This neighborhood, which over the years has housed many artists and writers, has been the dwelling of great theaters, cinemas, flamenco academies, and more, as well as some of the most beautiful buildings a lover of classic architecture could imagine. Its small, charming streets and lovely squares (be sure to check out the Plaza Santa Ana, the main square in the district) are now filled with bars, restaurants, and shops, all catering to the fashionable and fun-loving residents of Madrid. I can’t imagine an American traveler not loving the Literary Quarter.
My appetite grew as I toured the neighborhood and saw the colorful tapas dishes in the windows—but I knew I couldn’t indulge, as the dinner reservations I had that night were, from what I was told, worth waiting for. I headed to the Casino de Madrid, the private club in which the restaurant, La Terraza del Casino (www.casinodemadrid.es/en/gastronomia/index.htm) is housed, and while I hadn’t yet been to the Prado museum, I couldn’t imagine that it, or any of the art in it, could be more beautiful than this building.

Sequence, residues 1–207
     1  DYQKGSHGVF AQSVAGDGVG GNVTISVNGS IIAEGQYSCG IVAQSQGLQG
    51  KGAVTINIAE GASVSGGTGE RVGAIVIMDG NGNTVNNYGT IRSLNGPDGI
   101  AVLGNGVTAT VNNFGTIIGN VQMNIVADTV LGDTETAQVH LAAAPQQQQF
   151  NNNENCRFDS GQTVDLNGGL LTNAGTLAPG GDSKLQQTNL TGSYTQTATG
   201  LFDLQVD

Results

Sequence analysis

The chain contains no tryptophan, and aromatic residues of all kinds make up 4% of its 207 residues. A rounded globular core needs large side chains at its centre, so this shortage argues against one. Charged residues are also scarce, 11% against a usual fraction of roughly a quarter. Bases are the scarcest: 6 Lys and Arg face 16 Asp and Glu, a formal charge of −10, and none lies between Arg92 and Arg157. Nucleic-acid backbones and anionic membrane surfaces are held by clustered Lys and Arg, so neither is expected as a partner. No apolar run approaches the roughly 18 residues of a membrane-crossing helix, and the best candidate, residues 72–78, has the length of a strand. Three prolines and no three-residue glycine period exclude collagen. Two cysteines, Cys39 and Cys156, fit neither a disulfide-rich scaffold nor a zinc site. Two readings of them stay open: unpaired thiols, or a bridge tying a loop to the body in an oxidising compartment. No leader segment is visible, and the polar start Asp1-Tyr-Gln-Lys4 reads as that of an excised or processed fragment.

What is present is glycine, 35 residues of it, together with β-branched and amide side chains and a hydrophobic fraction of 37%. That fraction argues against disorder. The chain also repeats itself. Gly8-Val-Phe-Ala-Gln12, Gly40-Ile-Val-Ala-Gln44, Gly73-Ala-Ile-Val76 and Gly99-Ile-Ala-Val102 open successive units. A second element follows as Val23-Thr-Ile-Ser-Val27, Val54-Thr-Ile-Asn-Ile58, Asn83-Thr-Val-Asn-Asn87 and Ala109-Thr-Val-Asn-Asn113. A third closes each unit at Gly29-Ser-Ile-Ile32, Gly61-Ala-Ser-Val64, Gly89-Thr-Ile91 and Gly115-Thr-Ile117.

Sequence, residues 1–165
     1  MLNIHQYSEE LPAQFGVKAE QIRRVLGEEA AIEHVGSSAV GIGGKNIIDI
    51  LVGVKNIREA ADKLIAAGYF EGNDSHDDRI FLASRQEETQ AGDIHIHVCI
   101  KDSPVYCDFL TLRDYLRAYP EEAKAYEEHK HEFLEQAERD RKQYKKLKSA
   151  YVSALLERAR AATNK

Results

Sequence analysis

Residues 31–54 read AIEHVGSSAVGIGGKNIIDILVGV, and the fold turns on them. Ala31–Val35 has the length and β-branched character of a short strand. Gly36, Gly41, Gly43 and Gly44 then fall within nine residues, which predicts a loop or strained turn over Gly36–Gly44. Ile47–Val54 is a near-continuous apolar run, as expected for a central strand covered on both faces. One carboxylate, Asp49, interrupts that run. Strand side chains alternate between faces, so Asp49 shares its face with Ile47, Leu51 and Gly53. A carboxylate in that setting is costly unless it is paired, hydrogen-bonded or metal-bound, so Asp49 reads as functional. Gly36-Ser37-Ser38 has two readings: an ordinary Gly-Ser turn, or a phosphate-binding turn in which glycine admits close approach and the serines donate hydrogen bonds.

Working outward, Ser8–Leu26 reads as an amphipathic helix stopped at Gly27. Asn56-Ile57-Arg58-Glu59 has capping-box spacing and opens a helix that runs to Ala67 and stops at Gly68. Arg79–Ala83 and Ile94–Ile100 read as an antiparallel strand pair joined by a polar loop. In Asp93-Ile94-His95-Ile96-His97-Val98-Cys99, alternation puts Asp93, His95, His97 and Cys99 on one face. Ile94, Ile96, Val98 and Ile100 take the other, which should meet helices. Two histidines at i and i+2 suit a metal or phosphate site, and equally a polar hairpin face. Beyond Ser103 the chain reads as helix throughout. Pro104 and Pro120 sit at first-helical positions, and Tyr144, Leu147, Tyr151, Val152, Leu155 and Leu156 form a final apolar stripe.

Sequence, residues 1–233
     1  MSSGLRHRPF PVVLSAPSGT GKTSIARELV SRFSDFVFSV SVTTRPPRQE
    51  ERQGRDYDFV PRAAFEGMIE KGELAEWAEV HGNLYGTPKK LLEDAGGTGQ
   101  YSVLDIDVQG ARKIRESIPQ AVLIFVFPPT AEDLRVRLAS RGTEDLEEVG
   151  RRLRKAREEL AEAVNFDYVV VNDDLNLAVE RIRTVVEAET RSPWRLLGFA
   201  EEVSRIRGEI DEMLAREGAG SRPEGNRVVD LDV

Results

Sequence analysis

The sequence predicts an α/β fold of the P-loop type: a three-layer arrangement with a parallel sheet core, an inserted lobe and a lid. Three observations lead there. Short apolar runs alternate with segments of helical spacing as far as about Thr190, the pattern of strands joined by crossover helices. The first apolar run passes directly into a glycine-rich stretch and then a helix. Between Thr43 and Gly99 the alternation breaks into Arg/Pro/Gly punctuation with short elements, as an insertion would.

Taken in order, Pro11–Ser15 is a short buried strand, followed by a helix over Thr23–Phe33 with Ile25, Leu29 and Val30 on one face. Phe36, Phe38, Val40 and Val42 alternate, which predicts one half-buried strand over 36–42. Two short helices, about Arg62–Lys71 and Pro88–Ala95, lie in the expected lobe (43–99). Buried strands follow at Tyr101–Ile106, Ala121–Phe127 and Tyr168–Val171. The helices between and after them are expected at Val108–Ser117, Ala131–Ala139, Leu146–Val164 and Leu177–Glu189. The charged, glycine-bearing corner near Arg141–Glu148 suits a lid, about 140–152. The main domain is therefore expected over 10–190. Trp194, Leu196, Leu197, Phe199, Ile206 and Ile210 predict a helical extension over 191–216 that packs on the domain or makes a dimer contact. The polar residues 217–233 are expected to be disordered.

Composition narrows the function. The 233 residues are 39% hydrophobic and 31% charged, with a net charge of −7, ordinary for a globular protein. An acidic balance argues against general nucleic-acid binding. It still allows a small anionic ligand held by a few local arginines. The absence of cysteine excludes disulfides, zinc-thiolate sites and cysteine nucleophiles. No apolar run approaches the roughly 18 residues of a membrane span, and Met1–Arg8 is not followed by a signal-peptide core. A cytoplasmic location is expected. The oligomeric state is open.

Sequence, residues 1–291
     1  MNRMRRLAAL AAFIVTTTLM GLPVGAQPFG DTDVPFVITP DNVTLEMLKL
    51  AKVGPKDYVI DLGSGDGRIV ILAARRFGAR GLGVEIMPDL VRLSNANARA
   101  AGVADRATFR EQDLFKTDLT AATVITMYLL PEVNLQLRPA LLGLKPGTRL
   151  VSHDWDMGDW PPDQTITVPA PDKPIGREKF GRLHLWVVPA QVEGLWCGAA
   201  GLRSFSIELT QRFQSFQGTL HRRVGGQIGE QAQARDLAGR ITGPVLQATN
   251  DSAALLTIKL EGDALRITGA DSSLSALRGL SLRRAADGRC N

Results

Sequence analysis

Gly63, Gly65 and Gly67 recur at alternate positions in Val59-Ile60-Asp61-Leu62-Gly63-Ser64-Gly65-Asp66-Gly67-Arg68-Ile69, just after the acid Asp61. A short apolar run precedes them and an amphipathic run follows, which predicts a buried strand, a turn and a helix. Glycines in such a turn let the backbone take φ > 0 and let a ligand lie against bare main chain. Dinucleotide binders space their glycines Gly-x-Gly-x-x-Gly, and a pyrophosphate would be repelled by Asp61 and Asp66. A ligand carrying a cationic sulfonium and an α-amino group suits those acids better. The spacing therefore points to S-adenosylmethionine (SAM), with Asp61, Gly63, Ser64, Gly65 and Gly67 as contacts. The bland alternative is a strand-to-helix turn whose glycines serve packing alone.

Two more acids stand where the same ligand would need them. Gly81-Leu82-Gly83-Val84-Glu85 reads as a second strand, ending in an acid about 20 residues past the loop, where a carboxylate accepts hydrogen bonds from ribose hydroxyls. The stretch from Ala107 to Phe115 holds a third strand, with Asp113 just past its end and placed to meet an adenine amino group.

The Casino de Madrid is a private club belonging to a society that has been together since 1836, and in this building since 1910. The building is simply drop-dead gorgeous—old, opulent, and elegant—and while the club is members-only, if you’re eating at La Terraza del Casino, you’ll have the opportunity to see this can’t-miss beauty. Just be sure to leave your casual travel wear back at the hotel, and don your best for this lavish locale.
The restaurant, a two Michelin star masterpiece headed by Chef Paco Roncero, is certainly worthy of this setting. The food, which is the best representation of molecular gastronomy and will turn any traditionalist into a fan, is stellar. After a welcome cocktail which was their version of a cosmopolitan (but so much better), I dined on course after course of spectacular dishes, including fried corn with guacamole, codfish cheek with black olive tempura, liquid ham croquettes, duck liver with apple and eel, Wagyu with Iberian pork ravioli, and many more indulgences. It was so much more than a meal—it was an experience, an event.